Their results were reported here today at the 96th Annual Meeting of the American Association for Cancer Research.
"Numerous earlier studies, including ours, have demonstrated that green tea catechins, or pure EGCG (a major component of GTCs), inhibited cancer cell growth in laboratory models," Bettuzzi explained. "We wanted to conduct a clinical trial to find out whether catechins could prevent cancer in men. The answer clearly is yes."
Earlier research demonstrated primarily that green tea catechins were safe for use in humans. Bettuzzi and his colleagues had found that EGCG targets prostate cancer cells specifically for death, without damaging the benign controls. They identified Clusterin, the most important gene involved in apoptosis, or programmed cell death in the prostate, as a possible mediator of catechins action. "EGCG induced death in cancer cells, not normal cells, inducing Clusterin expression" said Bettuzzi.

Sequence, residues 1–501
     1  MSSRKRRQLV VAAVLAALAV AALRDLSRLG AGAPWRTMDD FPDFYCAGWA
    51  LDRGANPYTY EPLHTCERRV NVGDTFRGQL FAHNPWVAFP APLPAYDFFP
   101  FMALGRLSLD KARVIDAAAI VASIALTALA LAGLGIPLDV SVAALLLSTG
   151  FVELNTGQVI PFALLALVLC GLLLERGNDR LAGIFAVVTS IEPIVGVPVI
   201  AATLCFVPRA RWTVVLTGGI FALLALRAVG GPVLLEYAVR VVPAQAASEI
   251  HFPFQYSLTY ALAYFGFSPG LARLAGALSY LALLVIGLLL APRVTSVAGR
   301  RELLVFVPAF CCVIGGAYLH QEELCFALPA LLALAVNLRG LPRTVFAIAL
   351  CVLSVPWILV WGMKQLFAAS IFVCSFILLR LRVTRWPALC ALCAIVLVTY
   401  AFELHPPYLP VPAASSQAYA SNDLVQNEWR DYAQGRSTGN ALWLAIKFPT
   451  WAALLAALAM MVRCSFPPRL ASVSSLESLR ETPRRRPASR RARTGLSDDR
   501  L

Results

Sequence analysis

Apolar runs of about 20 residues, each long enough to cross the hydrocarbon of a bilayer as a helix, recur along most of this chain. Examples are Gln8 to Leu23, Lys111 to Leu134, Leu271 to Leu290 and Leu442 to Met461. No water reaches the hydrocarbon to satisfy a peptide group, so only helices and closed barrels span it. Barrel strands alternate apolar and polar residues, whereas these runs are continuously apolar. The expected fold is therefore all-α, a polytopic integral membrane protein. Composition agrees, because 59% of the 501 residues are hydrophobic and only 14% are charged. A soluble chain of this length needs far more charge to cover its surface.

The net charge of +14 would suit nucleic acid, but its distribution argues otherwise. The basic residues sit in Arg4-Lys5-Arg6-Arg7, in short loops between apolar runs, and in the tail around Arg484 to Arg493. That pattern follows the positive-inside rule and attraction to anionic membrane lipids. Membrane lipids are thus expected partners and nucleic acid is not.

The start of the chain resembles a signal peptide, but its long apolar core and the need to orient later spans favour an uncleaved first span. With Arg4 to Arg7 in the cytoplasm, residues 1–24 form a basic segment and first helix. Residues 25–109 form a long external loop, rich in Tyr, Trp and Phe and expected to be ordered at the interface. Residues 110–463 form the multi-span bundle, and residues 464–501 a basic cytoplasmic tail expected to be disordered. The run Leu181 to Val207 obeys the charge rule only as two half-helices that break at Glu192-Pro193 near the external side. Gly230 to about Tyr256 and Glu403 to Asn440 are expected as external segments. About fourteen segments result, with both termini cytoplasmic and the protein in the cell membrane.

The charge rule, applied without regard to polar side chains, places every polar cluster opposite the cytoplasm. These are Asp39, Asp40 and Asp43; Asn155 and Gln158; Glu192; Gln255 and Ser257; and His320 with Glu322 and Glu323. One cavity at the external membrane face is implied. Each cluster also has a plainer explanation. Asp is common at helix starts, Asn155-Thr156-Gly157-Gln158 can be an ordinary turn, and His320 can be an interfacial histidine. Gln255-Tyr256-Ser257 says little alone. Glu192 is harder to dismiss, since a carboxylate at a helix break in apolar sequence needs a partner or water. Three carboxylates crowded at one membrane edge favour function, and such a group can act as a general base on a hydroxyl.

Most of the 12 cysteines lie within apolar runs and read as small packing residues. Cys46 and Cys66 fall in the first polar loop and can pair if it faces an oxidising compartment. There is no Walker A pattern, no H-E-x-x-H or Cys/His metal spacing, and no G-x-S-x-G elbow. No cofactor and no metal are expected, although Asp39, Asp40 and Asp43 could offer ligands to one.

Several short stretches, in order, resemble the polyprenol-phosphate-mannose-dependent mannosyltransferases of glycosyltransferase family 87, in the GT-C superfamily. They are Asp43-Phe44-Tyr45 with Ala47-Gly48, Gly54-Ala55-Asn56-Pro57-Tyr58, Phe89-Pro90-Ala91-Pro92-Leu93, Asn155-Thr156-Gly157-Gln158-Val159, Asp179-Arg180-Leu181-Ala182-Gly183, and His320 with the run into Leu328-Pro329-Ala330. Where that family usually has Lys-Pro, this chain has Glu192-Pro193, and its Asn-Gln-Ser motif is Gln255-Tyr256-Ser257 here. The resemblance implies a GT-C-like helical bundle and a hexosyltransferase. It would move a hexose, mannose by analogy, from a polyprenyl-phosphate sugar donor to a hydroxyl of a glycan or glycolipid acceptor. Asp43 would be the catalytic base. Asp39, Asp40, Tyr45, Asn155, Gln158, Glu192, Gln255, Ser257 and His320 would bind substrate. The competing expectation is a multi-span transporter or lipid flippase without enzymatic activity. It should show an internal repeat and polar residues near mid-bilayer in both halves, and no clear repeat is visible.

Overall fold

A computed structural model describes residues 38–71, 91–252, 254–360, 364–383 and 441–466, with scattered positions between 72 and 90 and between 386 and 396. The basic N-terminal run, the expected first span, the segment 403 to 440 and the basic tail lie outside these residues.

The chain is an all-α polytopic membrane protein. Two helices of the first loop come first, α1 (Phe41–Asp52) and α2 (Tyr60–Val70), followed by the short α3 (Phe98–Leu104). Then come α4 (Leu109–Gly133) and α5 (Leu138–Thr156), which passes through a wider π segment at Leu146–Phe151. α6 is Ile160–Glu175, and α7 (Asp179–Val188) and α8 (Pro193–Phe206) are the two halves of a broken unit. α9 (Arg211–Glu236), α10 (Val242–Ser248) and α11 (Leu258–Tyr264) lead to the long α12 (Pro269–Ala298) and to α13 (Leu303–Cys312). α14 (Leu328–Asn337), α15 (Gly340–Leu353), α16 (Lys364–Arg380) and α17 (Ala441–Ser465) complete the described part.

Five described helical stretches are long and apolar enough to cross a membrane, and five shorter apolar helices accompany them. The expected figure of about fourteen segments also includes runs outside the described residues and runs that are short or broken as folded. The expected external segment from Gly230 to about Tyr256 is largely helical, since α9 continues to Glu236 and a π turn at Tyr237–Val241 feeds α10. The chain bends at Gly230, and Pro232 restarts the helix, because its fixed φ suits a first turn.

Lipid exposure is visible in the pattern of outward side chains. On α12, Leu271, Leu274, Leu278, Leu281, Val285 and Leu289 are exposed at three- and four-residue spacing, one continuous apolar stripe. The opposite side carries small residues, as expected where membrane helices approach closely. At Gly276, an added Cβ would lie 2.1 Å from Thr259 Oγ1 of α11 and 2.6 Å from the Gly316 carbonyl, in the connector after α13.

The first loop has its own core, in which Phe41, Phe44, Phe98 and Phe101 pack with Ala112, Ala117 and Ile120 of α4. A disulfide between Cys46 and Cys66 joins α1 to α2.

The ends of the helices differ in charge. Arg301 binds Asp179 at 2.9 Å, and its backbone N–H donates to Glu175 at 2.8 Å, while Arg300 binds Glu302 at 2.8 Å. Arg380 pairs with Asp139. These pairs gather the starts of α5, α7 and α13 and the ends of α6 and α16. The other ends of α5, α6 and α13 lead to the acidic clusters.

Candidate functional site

To gauge susceptibility for prostate cancer among their research subjects, the team of Italian scientists recruited men with high-grade prostatic intraepithelial neoplasia premalignant lesions that presage invasive prostate cancer within one year in nearly a third of cases and for which no treatment was given.
Eligible men were between 45 and 75 years of age. Vegetarians and men consuming green tea or derived products, or those taking anti-oxidants or following anti-androgenic therapy were excluded.
Of the 62 volunteers, 32 received three tablets per day of 200 mg each GTCs; the remainder were given a placebo. Follow-up biopsies were admin
Contact: Warren R. Froelich
American Association for Cancer Research